Despite the emergence and rapid diversification of DENV has been a matter of special concern, precise mechanisms of evolution remain unclear [4550]. It is a fact that human RNA viruses including Influenza, HIV, Coronavirus, etc., have particularly increased mutation and evolution rates mostly because of the lack of proofreading activity of RNA-dependent RNA-polymerase [51, 52]. Nevertheless, arthropod-borne viruses (Arboviruses) have demonstrated slower mutation rates comparing with those infecting directly human host, probably because of the trade-off effect occurring when the virus is obligated to adapt alternatively into the invertebrate vector and vertebrate host [51]. This resulting constrain has been experimentally assessed in vivo to Venezuelan Equine Encephalitis [52] and in vitro to DENV [51] demonstrating that fitness improves when virus specialize in a single cell line but decreases in virus undergoing alternative passages in different cells. In view of that, over all DENV mutation rates have been previously inferred, ranging from 4.55 × 10-4 (DENV-1) to 9.01 × 10-4 (DENV-3) [19]. In the present study, we found a mutation rate of 8.58 × 10-4 substitutions per site, per year, suggesting faster evolution rates for Colombian strains, perhaps because of the high transmition occurrence especially in hyperendemic areas, where virus replicates in several human hosts, reducing the constraining effect occurred in the vector. However, this high mutation rate does not necessarily reflect a fitness advantage or a successful adaptation process. Actually, positive selection for DENV seems to be serotype/genotype dependent and even more, protein specific. In fact, envelope (E) protein apparently exhibits some adaptation evidence in DENV-3, DENV-4 and various DENV-2 genotypes, but not for DENV-1, strongly suggesting a purifying selection pressure, at least over this gene. Nevertheless, further studies have to be done to try to understand the adaptation process in DENV.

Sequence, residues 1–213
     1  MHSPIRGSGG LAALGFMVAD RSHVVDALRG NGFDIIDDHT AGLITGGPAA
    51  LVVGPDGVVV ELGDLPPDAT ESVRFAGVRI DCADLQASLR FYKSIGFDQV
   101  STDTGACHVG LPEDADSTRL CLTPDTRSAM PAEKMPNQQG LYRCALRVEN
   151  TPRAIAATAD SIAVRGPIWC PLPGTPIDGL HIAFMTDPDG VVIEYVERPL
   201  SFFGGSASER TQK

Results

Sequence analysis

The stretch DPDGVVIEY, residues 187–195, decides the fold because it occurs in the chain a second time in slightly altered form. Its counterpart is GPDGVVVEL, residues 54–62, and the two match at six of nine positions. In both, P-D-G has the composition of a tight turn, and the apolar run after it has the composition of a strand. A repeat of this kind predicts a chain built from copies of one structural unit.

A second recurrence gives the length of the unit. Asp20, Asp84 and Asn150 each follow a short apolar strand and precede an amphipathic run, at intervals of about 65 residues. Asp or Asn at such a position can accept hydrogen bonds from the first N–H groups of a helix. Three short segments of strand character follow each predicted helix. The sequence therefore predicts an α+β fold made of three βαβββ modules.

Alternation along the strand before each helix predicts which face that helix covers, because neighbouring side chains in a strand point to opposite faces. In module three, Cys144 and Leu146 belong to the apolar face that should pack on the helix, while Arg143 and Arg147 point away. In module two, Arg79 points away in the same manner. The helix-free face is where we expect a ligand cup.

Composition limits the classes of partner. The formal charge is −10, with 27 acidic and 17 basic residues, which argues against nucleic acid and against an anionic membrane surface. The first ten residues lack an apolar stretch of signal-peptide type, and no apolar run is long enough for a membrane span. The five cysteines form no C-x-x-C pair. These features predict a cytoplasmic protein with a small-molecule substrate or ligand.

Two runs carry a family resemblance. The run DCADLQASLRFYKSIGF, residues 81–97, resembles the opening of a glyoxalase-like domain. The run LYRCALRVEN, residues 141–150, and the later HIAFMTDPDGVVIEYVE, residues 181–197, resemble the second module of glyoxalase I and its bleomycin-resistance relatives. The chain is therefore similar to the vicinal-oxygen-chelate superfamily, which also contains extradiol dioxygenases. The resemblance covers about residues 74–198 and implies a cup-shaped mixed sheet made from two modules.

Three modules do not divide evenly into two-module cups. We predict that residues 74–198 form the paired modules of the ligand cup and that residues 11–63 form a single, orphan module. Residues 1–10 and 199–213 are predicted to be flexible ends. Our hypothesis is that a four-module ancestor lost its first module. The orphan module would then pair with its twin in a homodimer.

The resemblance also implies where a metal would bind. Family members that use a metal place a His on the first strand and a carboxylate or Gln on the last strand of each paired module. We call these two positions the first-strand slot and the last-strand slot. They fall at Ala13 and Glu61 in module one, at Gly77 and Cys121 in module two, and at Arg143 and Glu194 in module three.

On the other hand, although mostly of Colombian strains belong to the genotype V, there is an isolate, DENV-1/CO/267_Valle/1983 placed into genotype I near to Asia, China and East Africa strains. The ML tree show this strain close to DENV-1/JP/Mochizuki/1943, a strain considered extinct. Since we do not have this virus as reference in our laboratory, we can discard cross contamination during the assay. Moreover, the presence of this virus could be explained based on the migration process occurred from Asia to America, officially starting to Colombia by 1929, and sustained until the mid XX century [53]. Thus, establishment of Asian colonies increased visitors and perhaps favored the entrance of viral strains. We can speculate that those viruses did not fit to the new environment and the adaptation events were constrained because of the selective pressures including different vectors and human immune response.

According to natural history of DENV, evolution events could bring new genetic variants and eventually increase the severity of disease. Although pathogenic markers remain unclear, hemorrhagic features on some Asian DENV-2 genotypes have been demonstrated and Asian derived DENV-3 genotypes associated to dengue fever and dengue hemorrhagic fever have been reported in Brazil [25]. Moreover, changes in clinical manifestation of disease (atypical dengue) such as viscerotropism or encephalitis may respond to the circulation of new DENV lineages with increased pathogenic potential. Consequently, epidemiological programs should include not just virological diagnosis but genotype surveillance too.